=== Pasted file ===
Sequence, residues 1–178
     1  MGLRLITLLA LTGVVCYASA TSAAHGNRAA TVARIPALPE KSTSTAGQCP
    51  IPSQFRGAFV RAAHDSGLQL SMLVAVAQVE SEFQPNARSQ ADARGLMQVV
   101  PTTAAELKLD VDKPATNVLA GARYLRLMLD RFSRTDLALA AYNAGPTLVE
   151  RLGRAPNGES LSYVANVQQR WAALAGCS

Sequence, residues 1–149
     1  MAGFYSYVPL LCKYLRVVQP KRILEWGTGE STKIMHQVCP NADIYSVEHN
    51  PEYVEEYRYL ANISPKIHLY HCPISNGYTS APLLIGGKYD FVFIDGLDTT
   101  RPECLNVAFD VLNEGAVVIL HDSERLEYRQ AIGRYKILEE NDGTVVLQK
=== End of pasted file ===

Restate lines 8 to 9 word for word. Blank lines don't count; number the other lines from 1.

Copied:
    51  PEYVEEYRYL ANISPKIHLY HCPISNGYTS APLLIGGKYD FVFIDGLDTT
   101  RPECLNVAFD VLNEGAVVIL HDSERLEYRQ AIGRYKILEE NDGTVVLQK